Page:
Public bodies and companies processing large volumes of data will be required to appoint a Data Protection Officer. Other companies should still appoint a responsible officer.
Action – decide if you need to appoint a Data Protection Officer or another officer responsible for data protection.
The GDPR will introduce specific protection rules for children with an age of consent for the processing of children’s personal data. The GDPR guidelines states a child under the age of 16 can not give consent, consent would be required by a person holding parental responsibility, however, this rule can vary between member states as they have the option to lower the age of consent to 13. Privacy notices must be written in language appropriate for children. Parental or guardian consent will be required to process children’s data. The consent must be verifiable.
Action – if you collect children’s data then you will need to establish procedures compliant with the regulation requirements.
Enhanced security measures such as encryption are introduced to ensure data is kept securely.
Action – review and update security measures and consider setting up a central breach management unit.
You will need to include new obligations in your contracts with data processors. This will be a major change for suppliers previously not subject to data protection law.
Action – if you are a controller, update your contracts with processors. If you are a processor, consider the GDPR implications.
If your business operates internationally, additional compliance rules will apply.
Action – determine which data protection supervisory authority you come under. Audit international transfers to ensure compliance with additional regulations.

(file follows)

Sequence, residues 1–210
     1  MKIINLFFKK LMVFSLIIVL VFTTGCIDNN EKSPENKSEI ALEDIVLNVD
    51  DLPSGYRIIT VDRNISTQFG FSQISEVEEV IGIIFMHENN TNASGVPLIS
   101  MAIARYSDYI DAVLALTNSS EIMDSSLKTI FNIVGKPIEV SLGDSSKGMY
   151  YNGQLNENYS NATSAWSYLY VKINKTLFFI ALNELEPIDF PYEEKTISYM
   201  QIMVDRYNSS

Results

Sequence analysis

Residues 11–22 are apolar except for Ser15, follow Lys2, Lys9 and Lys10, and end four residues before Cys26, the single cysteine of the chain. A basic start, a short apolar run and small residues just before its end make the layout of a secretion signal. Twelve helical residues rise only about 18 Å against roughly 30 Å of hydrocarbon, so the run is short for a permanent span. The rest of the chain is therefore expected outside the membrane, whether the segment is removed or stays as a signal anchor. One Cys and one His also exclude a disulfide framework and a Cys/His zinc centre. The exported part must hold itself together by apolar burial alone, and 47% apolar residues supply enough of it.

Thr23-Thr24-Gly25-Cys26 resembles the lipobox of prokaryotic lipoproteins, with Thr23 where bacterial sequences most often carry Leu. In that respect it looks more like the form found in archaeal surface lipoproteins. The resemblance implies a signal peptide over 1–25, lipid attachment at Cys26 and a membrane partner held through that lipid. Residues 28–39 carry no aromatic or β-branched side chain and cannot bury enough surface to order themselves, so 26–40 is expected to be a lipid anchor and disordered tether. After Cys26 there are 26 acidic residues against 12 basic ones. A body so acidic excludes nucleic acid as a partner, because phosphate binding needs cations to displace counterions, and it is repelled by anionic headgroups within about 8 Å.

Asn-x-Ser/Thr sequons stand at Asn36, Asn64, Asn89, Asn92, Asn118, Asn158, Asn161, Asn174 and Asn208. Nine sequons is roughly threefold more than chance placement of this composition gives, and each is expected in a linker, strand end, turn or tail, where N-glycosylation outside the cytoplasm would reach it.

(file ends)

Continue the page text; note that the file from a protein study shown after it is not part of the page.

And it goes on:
Dos & Don’ts
There is an expectation in the GDPR that data protection compliance will be at the forefront of any new project. Risk assessments should be carried out and risks identified and managed from the earliest stages of new projects, whether relating to new products or the provision of services. Some basic compliance ground rules to consider are:
Do limit the type and volume of data collected to the specified purpose.
Don’t collect sensitive data unless absolutely essential.
Do raise awareness of the GDPR throughout your business.
Don’t rely on your existing procedures and policies as they will almost certainly require amendment no matter how robust.
Do store data securely.
Don’t keep data indefinitely or store unnecessary data.
Do enhance control procedures relating to data sharing both within your business and from your business.
Don’t send data outside the organisation unless additional protections are in place.
Do establish strict policies throughout your business up to management board level.
Don’t ignore the importance of compliance.
Consequences of breach
The GDPR includes a large step change in sanctions for non-compliance with data protection legislation. Businesses can face fines of up to 4% of annual worldwide turnover or €20 million if found to be breaching the provisions.
Do not play the Brexit get out of jail free card
UK businesses should continue to prepare for the GDPR irrespective of Brexit. The government has indicated that the provisions of the GDPR will be carried forward into UK law irrespective of Brexit. If your business deals with EU citizens or any part of your business is established in the EU, you are caught by the regulations in any event.
No matter what stage you are at, we can advise and assist you in ensuring your business is ready for the GDPR. Every organisation will be impacted by the new legislation in different ways. Our data protection expertise can help establish what your business’s new obligations will be, what the gaps are in your current compliance and establish a timetable for the changes needed to ensure your business is compliant before the countdown clock runs out.
Saracens Solicitors is a multi-service law firm based in London’s West End. We have dedicated and highly experienced IT law solicitors who can advise on all legal matters relating to the GDPR. For more information, please call our office on 020 3588 3500.